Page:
Posts Tagged ‘colors’

Today, I share a recently penned poem (see below) as the product of daily efforts to relax from the stress of retirement.  Each day, I try to take a break from the blog writing of at least thirty minutes.  My work on a document is the planting of a seed, and continues from an often painful work to select a topic question using “Yahoo! Answers” until the replies to comments are posted, and announcements of the newly published work are sent out through Facebook and Twitter.  As a result, multiple documents and drafts have my attention night and day until I may feel the sacred truths they contain are correctly delivered to those choosing to be my readers.  During my break, I generally go outside where I may search the sky—Jesus will come with clouds—and stand on the entry platform of the apartment building where I live.  In addition to seeing and being seen by my neighbors, this allows me to consider occurrences and traffic on the street.  Even so, my mind tends to continuing working on the blog, realizing errors, improvements, and materials for re-write.  In the past few autumns I’ve been impressed by the trees changing color, and I have resisted the urge to write a poem as encroaching on my blog time.  Perhaps, because leaves on one of our two neighborhood cherry blossom trees have been brown since June, the trees have become more and more a focus in my feelings and thoughts during “break time.”  So, finally, the other day, I put some notes to paper, that started out as  tercets (verses or lines grouped in poetry using the a-a-a rhyme), that I thought might be “fresher” by my using a little “poetic license.”  To avoid an extended period of working on the piece, I decided to share it immediately; and so, I attempted to post the work elsewhere as a friendly greeting and alumnus encouragement to welcome a new faculty person to the History Department of Trinity College, Hartford, CT.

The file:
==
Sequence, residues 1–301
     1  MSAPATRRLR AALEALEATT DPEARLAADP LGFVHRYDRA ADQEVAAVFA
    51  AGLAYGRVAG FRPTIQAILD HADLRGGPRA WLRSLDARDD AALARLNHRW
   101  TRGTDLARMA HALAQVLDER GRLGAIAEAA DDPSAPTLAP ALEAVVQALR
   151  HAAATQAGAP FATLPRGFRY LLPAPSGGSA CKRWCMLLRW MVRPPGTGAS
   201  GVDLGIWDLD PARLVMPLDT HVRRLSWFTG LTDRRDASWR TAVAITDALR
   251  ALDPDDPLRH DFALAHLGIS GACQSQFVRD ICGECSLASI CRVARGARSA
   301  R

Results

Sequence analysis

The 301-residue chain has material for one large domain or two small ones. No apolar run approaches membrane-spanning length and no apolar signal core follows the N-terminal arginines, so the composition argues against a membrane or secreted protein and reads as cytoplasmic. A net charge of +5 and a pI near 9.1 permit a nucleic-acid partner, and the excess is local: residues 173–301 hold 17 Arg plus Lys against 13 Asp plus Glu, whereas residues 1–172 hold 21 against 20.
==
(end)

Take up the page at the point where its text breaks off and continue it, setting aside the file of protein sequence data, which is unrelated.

A poem shared on 21 November 2013 with History @ Trinity
To welcome Professor Jennifer Regan–Lefebvre, Ph.D.,
History Department, Trinity College, Hartford, CT


The trees along my street are autumn bright
And painted to arouse ones appetite
Dripping and swaying in the cooling air

Cream puff frosted like a French éclair
An oak tree stands, its leaves now chocolate brown
But most are maples honey-laded down

The smallest, youngest to be seen is tart
Strawberry red, a sacred work of art
Juicy and luscious like the elms that flame

And most of us don’t even know their names
Ambling among the leaves that drift to earth
Without a clue how much the lot is worth

A handiwork divine is on display
No wonder one is moved to think and say
Surely such a fruit will make me wise

Warned of sorrows, vigilant for lies
I choose a simple walking on in truth
Our Maker sure must have a huge sweet tooth


Signature Mark



Michael Andrew Williams, AB 63
Washington, DC


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